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Going Bananas Over Bananas - for Good Reasons!
The word ‘banan’ is an Arabic word meaning finger.
Given the stark reality of climate change and emission of greenhouse gases and their detrimental environmental impact, managing our carbon usage should become a part of our everyday life and we need to move towards a carbon-careful world.However most of us don't have sufficient understanding of carbon emissions to be able to engage in this intelligently.
But are we belabouring over the small stuff that doesn’t make much of a difference and missing out on the big issues? Are you being more environmentally friendly if you ride a bus or drive a hybrid car; or the paper towel instead of the air dryer in a public toilet?
Food adds up to around 20% of our carbon footprint in the UK and food waste, whether it lands in the compost bin or the landfill, adds to carbon footprint. We are a wasteful society and about a quarter of our food go to waste. Food is left on our plates, allowed to pass their expiry date in our fridges, isn’t scrapped off the cooking pan or picked off the carcass.
We need to do some serious thinking. Think about where our food comes from and where it ends up after we are finished with it. Think about what we can do without and with what we can’t, how we can adjust or compromise. We need to think about how, all that we do, no matter how small and insignificant is connected and part of a bigger picture.
Some helpful low-carbon food tips include:
- eat all that you buy – eat the skins of root vegetables;
- save leftovers for another meal or make soups/casseroles with them;
- reduce your meat and dairy intake;
- buy seasonal and local food;
- avoid buying food with excessive packaging and
- simple indulging in a banana - go bananas over bananas!
Going Bananas over bananas for good reasons.
What is the carbon footprint of bananas?
Each person in the UK, on the average eats 10g of bananas a year and that is about 100 bananas! Bananas are not grown locally and we get ours shipped all the way from South America.
But the carbon footprint of bananas is only 8ogCO2e each!
And the reasons why bananas have such small carbon footprints compared to their numerous benefits is because:
- they are grown in natural sunlight and hence no energy-intensive hot-house is used;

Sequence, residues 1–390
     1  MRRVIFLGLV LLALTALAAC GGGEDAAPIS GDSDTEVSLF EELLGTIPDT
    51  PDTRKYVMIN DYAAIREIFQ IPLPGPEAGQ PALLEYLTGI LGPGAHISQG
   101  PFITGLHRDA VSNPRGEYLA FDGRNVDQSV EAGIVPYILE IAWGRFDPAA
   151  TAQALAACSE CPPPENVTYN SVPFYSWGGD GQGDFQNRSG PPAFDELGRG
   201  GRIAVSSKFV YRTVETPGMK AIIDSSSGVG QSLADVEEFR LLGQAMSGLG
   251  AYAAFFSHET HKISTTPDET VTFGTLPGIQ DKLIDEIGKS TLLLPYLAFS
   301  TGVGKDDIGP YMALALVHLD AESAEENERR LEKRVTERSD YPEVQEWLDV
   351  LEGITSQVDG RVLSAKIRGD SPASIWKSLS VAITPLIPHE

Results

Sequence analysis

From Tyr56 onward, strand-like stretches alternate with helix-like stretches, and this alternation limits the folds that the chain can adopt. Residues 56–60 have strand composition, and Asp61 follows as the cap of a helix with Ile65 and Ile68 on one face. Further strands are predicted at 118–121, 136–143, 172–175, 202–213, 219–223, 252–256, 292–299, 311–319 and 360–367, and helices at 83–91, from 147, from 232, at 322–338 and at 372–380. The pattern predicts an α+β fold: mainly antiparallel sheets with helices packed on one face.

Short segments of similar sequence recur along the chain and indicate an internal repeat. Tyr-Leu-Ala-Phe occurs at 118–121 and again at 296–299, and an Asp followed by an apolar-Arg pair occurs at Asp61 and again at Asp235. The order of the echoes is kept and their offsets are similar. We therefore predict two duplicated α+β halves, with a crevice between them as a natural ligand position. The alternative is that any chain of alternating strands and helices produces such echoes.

- though they travel thousands of miles to get to us, they are transported by boats which emit only 1% as much CO2 per kilo freight as planes do;
- they have their own natural packaging and if any are usually wrapped in light plastic bag or wrapper which pays for itself carbon-wise as it prevents consumers from splitting and ruining them. Furthermore, plastic bags actually produce less CO2 than their ‘noble’ paper rivals. No doubt plastics take longer to break down and are difficult and expensive to recycle. But paper is also not easy to recycle and if it ends up in the landfill and rot it produces methane gas which is a more potent greenhouse gas than CO Plastic packaging actually account for one thousandth of the foot print of the average weekly shop. There are other more deadly things lurking on the supermarket shelves than the often berated plastic packaging.
- Nutritional Value
It is a low-carbon food that is packed with calories as well as stacks of vitamin C, vitamin B6, potassium and dietary fibre. A medium-sized banana contains only 95 calories, and provides a quick and natural energy booster that is easily digestible with no fat, cholesterol or sodium
- Health Benefits
- Bananas contain tryptophan, a type of protein that the body converts into serotonin which promotes relaxation and improves the mood. Bananas help you to feel happy.
- Bananas are good for blood pressure, constipation, heartburns and ulcers
- A banana a day keeps those excruciatingly painful leg cramps away. An average sized banana provides you with 422 milligrams of potassium.
Bananas are either not ripe to eat or before you know it have gone too ripe to enjoy. When they are very ripe, they make a perfect ingredient for some banana fritters - a favourite tea snack of the east. Just mash them, add some flour (a bit of baking powder to fluff them up) and sugar according to how battery or sugary you want it to be. How much or little sugar you add will not compromise the end product, so you can easily control the sugar content. Fry the batter by the spoonful in hot oil.
Whenever you want to do your bit for the environment and for yourself, do ‘go bananas’!